Proving the result $$(x+n)^n-\binom{n}{1}(x+n-1)^{n}+\binom{n}{2}(x+n-2)^{n}\cdots(-1)^nx^n=n!$$

Try: $$\bigg(x^n+\binom{n}{1}x^{n-1}n+\binom{n}{2}x^{n-2}n^2+\cdots n^n\bigg)-\binom{n}{1}\bigg(x^n+\binom{n}{1}x^{n-1}(n-1)\cdots\bigg)+\cdots +(-1)^n\binom{n}{n}x^n$$

Could some help me to solve it, thanks


2 Answers 2


It's convenient to use the coefficient of operator $[z^n]$ to denote the coefficient of $z^n$ of a series. This way we can write e.g. $$n![z^n]e^{kz}=k^n$$

We obtain \begin{align*} \color{blue}{\sum_{k=0}^n}&\color{blue}{\binom{n}{k}(x+n-k)^n(-1)^k}\\ &=\sum_{k=0}^n\binom{n}{k}(x+k)^n(-1)^{n-k}\tag{1}\\ &=\sum_{k=0}^n\binom{n}{k}n![z^n]e^{(x+k)z}(-1)^{n-k}\tag{2}\\ &=n![z^n]e^{xz}\sum_{k=0}^n\binom{n}{k}\left(e^z\right)^k(-1)^{n-k}\tag{3}\\ &=n![z^n]e^{xz}\left(e^z-1\right)^n\tag{4}\\ &=n![z^n]e^{xz}\left(z+\frac{z^2}{2!}+\cdots\right)^n\tag{5}\\ &\color{blue}{=n!} \end{align*} and the claim follows.


  • In (1) we change the order of summation by setting $k \rightarrow n-k$ and use the binomial identity $\binom{p}{q}=\binom{p}{p-q}$.

  • In (2) we apply the coefficient of operator.

  • In (3) we use the linearity of the coefficient of operator and do some rearrangements in order to apply the binomial theorem.

  • In (4) we apply the binomial theorem.

  • In (5) we do the series expansion of $e^{z}$ and see the smallest exponent of $z$ in $(e^z-1)^n$ is $\color{blue}{n}$. So, we will only use the constant $\color{blue}{1}$ in the series expansion of $e^{xz}=\color{blue}{1}+xz+\frac{(xz)^2}{2}+\cdots$ in order to obtain the coefficient of $z^n$, resulting in $$[z^n]e^{xz}\left(e^z-1\right)^n=1$$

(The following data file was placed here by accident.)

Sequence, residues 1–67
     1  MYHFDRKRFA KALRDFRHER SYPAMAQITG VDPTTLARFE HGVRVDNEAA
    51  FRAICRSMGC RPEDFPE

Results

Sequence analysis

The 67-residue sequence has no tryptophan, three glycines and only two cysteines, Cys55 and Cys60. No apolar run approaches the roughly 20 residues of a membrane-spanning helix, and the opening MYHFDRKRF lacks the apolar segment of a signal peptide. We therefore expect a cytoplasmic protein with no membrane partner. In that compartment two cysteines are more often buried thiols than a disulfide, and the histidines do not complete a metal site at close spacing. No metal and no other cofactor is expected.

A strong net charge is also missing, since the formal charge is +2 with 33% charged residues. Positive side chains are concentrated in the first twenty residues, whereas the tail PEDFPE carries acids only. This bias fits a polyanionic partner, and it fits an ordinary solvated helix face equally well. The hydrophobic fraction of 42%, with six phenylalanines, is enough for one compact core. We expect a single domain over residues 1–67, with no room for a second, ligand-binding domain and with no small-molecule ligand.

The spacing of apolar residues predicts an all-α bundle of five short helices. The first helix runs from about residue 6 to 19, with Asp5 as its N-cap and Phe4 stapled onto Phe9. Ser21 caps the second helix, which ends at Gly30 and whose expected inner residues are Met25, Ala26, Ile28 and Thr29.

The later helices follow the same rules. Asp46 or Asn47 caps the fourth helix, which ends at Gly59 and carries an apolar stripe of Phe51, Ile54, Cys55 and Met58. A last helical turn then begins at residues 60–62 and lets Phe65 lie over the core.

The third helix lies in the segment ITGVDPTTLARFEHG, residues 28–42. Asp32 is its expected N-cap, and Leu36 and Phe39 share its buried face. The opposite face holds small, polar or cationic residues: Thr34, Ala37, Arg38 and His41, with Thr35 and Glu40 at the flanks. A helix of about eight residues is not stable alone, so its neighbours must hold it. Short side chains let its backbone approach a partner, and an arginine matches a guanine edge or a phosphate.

I apply a one-to-one continuation of Jack D'Aurizio's answer to your (-;) question in here.

Let $p(x)$ be a polynomial with degree $d\geq 1$, and let $\delta$ be the (difference) operator mapping $p(x)$ into $p(x)-p(x-1)$. Then $(\delta p)(x)$ is a polynomial with degree $d-1$. We have that

$$(\delta^n p)(x) = \sum_{k=0}^{n}(-1)^k \binom{n}{k} p(x-k) \tag{1}$$

The sum you ask for is the RHS of $(1)$ in the case $p(x)=(x+n)^{n}$. So the original polynomial had degree $d=n$, hence $(1)$ has degree $n-n=0$ in $(x+n)$ which is to say that the result is the sum of all terms with power zero of $(x+n)$. This is given as

$$ \sum_{k=0}^{n}(-1)^k \binom{n}{k} (-k)^n= (-1)^n \sum_{k=0}^{n}\binom{n}{k} (-1)^k \frac{\partial^n}{(\partial a)^n}\exp (ak) |_{a=0} \\ = (-1)^n \lim_{(a \to 0)}\frac{\partial^n}{(\partial a)^n} \sum_{k=0}^{n}\binom{n}{k} (-e^a)^k = \lim_{(a \to 0)}\frac{\partial^n}{(\partial a)^n} (e^a-1)^n \\ = \lim_{(a \to 0)}\frac{\partial^n}{(\partial a)^n} a^n(1 +a/2 + \dots )^n = \lim_{(a \to 0)}\frac{\partial^n}{(\partial a)^n} a^n = n! $$

where in the last line, after expansion of the exponential, the fact was used that only terms with $a^n$ survive the operator $\lim_{(a \to 0)}\frac{\partial^n}{(\partial a)^n}$.

This proves the claim. $\qquad \Box$


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